The most important disease carried by vectors is perhaps the American form of Trypanosomiasis, or Chagas’ disease, which is transmitted by the bites of the triatomine bug. There are around 13 to 15 million people in Latin America infected by this debilitating disease with about 100 million at risk (30). The disease is caused by a parasite Trypanosoma Cruzi, that can be carried in the bugs’ faeces. The faeces are deposited where the bug feeds, and the parasite can then get into the victim’s blood stream through the bite injury. The parasite lives and reproduces inside the human body, particularly the heart. People inflicted with the Chagas’ disease are often unable to work because of the damage to their cardiovascular system. Health effects of other arthropods include: plague and typhus (fleas); shigellosis, salmonellosis, and viruses - hepatitis A and poliomyelitis (cockroaches); relapsing fever (soft ticks); viral hepatitis B (bed bugs); and house dust allergy (dust mites) (54). IARC has evaluated hepatitis B virus (chronic infection with) as carcinogenic to humans, group 1 (28).

Factors influencing exposure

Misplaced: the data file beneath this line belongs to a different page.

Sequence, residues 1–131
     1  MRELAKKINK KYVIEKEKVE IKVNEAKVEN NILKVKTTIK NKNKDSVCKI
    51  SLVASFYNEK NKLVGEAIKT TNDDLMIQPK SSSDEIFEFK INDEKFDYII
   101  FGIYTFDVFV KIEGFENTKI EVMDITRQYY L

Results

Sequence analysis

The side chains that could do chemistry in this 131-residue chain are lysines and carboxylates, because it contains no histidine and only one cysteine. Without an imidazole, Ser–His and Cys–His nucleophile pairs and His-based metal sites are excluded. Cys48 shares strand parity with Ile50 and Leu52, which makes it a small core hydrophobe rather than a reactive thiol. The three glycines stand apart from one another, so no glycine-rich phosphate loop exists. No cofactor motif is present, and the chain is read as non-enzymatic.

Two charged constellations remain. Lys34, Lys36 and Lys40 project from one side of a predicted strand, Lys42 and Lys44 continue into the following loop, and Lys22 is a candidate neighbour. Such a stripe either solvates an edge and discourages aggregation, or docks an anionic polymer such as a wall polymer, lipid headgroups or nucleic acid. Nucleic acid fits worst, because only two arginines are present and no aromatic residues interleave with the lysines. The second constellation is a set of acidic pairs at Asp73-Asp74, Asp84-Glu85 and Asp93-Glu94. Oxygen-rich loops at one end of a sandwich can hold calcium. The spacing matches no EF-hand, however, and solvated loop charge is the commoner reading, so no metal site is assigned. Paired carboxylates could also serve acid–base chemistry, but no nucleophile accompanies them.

Research has indicated that the type of building materials used has an important influence on the spread of diseases. In a rural housing study carried out in Venezuela, for example, 200 traditional houses of mud and wattle were compared with the same number of newer houses made of concrete blocks. It was found that while 55 per cent of the traditional houses revealed the presence of triatomine bugs, they were present in only 9 per cent of the newer houses (55). Generally, where the dwelling is made from low-strength masonry in the form of unstabilised earth blocks, rammed earth or stone in earth mortar, or of mud and wattle, the walls are very prone to cracking as the earth dries, providing suitable dark spaces for disease vectors to hide. Plastered walls are less prone, as long as the plaster is maintained uncracked. Soil floors can also be a source of suitable cracks. Roofs made from palm thatch are also a problem as thatch provides plentiful hiding spaces. In Venezuela it has also been found that the eggs of the Chagas’ disease vector are often stuck to the palm fronds used for thatching. Traditional flat roofs of poles piled with brushwood and covered in a thick layer of mud are used in upland areas of Argentina and Bolivia where nights are cool. These also have been found to provide an ideal habitat for triatomine bugs (54). Furthermore, the diseases associated with these arthropods are particularly prevalent in tropical areas, since higher temperatures enable the disease vectors to breed more rapidly.